Making the nearly 11-kilometer descent to the deepest place on Earth, exploring the ocean floor, conducting scientific experiments, collecting samples, and returning safely to the surface requires a very sophisticated craft. It needs to be capable of withstanding tremendous pressures, if it is to explore the place less understood than the farthest reaches of space.
In 2012 James Cameron, in a sub like no other, conducted a dive to the deepest part of the ocean, the Mariana Trench. Unfortunately I was one of the last people to see the sub, prior to its damage in a fire during transportation. I was so incredibly impressed to see the vessel, investigate it and realize how small the sphere where the pilot sits is. I did not want to leave the place and asked the scientists thousands of questions. Here I was, touching something that reminded me of how amazing humanity can be, of how we can use technology, our ingenuity and hard work to explore, learn and act. I felt shivers down my spine. Maybe, one day, a woman will also dive to the deepest part of the ocean, I thought.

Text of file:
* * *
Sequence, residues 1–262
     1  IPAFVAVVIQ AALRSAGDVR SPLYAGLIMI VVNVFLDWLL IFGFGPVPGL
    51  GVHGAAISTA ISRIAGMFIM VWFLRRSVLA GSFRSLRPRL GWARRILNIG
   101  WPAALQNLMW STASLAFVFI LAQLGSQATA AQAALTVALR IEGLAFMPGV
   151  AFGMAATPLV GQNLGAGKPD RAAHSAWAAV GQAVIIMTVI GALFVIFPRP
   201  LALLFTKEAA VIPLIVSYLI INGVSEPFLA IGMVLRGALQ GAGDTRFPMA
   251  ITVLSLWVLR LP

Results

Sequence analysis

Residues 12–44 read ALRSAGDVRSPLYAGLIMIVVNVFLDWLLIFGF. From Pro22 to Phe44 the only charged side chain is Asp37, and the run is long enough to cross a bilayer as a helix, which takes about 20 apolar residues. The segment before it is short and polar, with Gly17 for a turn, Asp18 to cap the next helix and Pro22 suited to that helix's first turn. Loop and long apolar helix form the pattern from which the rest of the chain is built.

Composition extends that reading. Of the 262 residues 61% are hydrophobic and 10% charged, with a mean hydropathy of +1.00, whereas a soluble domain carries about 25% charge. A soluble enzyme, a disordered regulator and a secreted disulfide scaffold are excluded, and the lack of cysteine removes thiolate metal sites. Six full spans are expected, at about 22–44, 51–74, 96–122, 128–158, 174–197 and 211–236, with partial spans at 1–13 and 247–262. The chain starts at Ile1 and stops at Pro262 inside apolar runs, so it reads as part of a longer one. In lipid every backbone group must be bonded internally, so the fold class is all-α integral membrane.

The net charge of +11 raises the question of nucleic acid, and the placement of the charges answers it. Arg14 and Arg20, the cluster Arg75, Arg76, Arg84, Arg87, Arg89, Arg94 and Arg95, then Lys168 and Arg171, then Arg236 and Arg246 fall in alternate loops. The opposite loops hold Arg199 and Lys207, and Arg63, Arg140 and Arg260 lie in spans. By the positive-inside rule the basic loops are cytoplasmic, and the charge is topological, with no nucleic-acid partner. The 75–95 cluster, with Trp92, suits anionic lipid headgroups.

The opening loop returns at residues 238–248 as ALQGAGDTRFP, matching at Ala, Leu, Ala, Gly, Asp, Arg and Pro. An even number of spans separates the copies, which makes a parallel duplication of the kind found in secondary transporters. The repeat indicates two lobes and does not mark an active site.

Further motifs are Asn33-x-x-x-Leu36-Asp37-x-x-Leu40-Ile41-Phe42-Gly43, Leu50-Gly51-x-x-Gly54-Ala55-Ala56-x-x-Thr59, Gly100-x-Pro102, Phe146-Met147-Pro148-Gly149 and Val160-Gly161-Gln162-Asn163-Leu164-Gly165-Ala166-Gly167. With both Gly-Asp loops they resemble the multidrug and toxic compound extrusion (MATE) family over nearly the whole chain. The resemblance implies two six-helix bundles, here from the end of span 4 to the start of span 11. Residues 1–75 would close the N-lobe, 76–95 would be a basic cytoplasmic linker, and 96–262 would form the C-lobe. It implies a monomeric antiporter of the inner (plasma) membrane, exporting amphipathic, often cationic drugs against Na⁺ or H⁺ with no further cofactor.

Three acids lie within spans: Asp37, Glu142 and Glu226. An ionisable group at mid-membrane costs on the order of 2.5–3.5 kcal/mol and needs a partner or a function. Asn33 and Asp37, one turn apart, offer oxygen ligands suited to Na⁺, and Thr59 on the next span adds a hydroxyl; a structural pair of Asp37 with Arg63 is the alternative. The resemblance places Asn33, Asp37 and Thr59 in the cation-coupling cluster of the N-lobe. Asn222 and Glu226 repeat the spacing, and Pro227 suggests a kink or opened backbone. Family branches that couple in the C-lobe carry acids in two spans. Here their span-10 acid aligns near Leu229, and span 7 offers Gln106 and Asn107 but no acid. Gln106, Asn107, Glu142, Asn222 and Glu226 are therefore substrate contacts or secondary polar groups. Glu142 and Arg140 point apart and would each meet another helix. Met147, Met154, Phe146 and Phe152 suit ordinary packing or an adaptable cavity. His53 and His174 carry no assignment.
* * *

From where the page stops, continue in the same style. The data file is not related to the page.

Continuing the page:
This journey has only once been made prior to Cameron’s dive, by Jacques Piccard and Don Walsh. On 23 January 1960, the bathyscaphe Trieste reached the ocean floor in the Challenger Deep (the deepest southern part of the Mariana Trench). This was the first time a vessel, manned or unmanned, had reached the deepest known point of the Earth’s oceans. The two pioneers spent about 20 minutes on the ocean floor, but unfortunately the landing caused stirring up of the sediments and for the entire time the clouds of silt were everything that could be seen from the portholes.